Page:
A: Unidesk is compatible with Microsoft User Environment Virtualization (UE-V) and standard roaming profiles. Some customers create personal, persistent desktops with Unidesk and choose not to use UE-V or profiles, allowing the Personalization layer to capture all customizations – settings, data, user-installed apps, plug-ins, etc. Other customers create non-persistent, pooled desktops with Unidesk that are shared by many users – in this case, the Personalization layer is destroyed after each desktop use, so UE-V or profiles are used to restore user settings.


Q: Why not use Parent Disks for OS/Apps and Differencing Disks for the top layer?

A: Many of Unidesk’s 1300 customers tried that in their first attempts at VDI. Differencing disks get blown away every time you patch, which blows away all user personalization. That quickly became a non-starter for most VDI projects, and is why everyone is now looking to use layering.


Q: Is there any plan to also support the Linux and UNIX OS for this layering technology?

A: Not today. Unidesk is for Windows app mobility, at least in the near term.


Q: Is this pricing annual or monthly?

A: We showed the one-time cost for RDS CALs, Unidesk licenses and the Gridstore appliance. There will be the usual annual maintenance (16-20%) on top of that.


Q: What is the yearly maintenance cost after making the initial purchase of $550 / user?

A: Standard 16-20% based on quantity of licenses purchased.


Q: Is he saying that all software licenses are included with your pricing? To clarify, all software needed to run VDI – Hyper-V, Microsoft VDI Client Bundle etc.

A: We did not include the cost of Windows Server/Hyper-V because many Microsoft customers already have that as part of their EA. We also didn’t include the Microsoft VDA (virtual desktop access) subscription of $100 per user per year. That’s only needed if you are going to access the virtual desktop through a non-Windows device. If you are reusing Windows PCs, that cost is not needed. We were trying to keep it an apples-to-apples comparison of VDI vs. a fixed PC.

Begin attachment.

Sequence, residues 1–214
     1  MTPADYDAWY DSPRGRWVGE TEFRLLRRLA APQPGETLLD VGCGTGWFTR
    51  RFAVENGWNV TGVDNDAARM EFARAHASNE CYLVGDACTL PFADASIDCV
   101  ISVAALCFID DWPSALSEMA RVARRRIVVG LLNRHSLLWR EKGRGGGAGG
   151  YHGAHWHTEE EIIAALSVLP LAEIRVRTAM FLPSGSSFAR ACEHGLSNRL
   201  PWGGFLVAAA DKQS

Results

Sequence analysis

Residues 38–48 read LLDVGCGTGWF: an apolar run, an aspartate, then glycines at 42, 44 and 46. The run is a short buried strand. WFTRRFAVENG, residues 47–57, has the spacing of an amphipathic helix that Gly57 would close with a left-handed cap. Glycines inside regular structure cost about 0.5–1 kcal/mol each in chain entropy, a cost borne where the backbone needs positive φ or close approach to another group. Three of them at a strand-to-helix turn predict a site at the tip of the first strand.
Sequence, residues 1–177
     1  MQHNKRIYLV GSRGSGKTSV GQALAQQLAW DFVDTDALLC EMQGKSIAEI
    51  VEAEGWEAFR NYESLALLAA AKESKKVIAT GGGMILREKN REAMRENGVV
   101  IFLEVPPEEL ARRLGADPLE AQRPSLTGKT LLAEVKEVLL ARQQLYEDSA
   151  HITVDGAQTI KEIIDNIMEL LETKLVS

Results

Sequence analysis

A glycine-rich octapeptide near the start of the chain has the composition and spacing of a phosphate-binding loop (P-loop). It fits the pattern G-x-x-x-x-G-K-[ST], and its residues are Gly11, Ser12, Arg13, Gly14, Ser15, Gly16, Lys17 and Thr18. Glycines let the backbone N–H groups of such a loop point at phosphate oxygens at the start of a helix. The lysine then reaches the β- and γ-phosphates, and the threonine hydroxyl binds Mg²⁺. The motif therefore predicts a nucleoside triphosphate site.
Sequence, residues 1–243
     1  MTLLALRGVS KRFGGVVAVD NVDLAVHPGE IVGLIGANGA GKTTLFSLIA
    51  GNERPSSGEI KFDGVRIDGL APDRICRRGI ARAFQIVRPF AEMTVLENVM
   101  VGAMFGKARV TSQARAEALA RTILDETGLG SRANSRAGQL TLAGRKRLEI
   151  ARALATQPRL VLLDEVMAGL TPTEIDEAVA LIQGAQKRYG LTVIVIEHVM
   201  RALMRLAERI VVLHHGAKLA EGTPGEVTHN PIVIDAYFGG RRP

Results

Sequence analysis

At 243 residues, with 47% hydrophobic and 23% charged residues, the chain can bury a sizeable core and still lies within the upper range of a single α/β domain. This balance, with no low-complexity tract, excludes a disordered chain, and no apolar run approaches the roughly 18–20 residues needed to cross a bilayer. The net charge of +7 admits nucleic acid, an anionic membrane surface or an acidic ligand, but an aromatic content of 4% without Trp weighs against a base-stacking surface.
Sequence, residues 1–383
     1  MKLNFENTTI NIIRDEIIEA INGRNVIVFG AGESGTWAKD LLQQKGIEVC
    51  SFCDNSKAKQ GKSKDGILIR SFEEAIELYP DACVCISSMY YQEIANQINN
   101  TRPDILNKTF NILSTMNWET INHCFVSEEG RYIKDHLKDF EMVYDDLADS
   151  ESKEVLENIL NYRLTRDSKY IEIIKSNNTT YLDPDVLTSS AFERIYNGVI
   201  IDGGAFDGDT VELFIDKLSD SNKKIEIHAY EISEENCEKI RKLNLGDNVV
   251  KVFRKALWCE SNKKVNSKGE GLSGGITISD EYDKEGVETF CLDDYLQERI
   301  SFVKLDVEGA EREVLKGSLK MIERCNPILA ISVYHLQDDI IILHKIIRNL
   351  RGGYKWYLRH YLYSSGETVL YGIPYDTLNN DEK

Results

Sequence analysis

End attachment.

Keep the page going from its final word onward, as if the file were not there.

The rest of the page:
Q: Do you have a product for the 10-50 user range? We service many small businesses.

A: Great question. This solution can scale down quite nicely.


Q: What about the hardware platform supermicro – will Gridstore enter in discussion to be Dell-aware or Lenovo-aware?

A: Great question – we have the ability to separate software from hardware and are considering future platforms. You’ll receive an announcement from us when a new platform has been certified.


Q: Does Gridstore have plans to offer “compute upgrades” as processors advance, without replacing the entire unit?

A: We find most customers will just purchase a new node. Even though a chassis holds up to four nodes, you can grow by a single node at a time. You do not need to purchase an entire block of 4 nodes each time.


Q: What is the lifespan of this solution?

A: VDI typically has a longer lifespan than PCs – 5-7 years.


Q: Does the cost per user scale up?

A: Yes, it actually gets less expensive the more you buy.


Q: Do Unidesk & Gridstore come as an appliance only or will customers have the option of choosing underlying hardware from their partner of choice and use the Unidesk/Gridstore layer on top of this? ?

A: The solutions are independent. Unidesk can run on any platform, but you can only get this kind of performance / ROI on the Gridstore hardware platform.


Q: Any thoughts on the processing overhead for running the VDI? Is there an advertised number from MS for Hyper-V?

A: This is a great question. Normally the bottleneck in our testing comes down to CPU Cycles. We will see the CPU maxing out on the Login VSI tests long before the storage / network.


Q: CPU dropped after 100%. Was the test conducted in “High Power” mode?

A: The first and last of the graph are warm-up and cool-down. It’s all run in “High Power” mode.


Q: What happens when the Internet goes down?

A: If the solution is set up to use private networks or a local LAN in the same facility, the Internet going down will have no impact, as all traffic is local. If you are using the Internet for connectivity and it goes down, the RDP protocol will try to reconnect. If the session times out, the user would simply re-logon once the Internet was back online and they would be placed back onto their desktop, picking up exactly where they left off.


Q: Would Gridstore be able to manage/handle other type of containers? (Docker, LXD, etc.)

A: Gridstore doesn’t care what kind of data is stored on it, and is fully compatible with all container technologies. However, when it comes to running VDI workloads on Gridstore, only application layering with Unidesk and the provisioning and collection management extensions that Unidesk has added to RDS are going to be applicable. Also note that container technologies such as Docker capture the operating system together with the application and are isolated from all other containers, whereas Unidesk layers capture only the application’s registry keys and files and are fully interoperable with other layers (i.e. layered apps look and feel as if they’ve been locally installed).


Q: VDI cost doesn’t include the physical device at the user (Monitor/Keyboard/NIC/CPU). How much is a low-end physical device for a VDI environment?

A: There are some very good options out there for Thin Clients from IGEL Technology –> They have a soft client that can even turn an older PC into a thin client which really drops the cost. There are also micro-PCs in the $100 range that ship with Windows, enabling you to avoid the VDA subscription.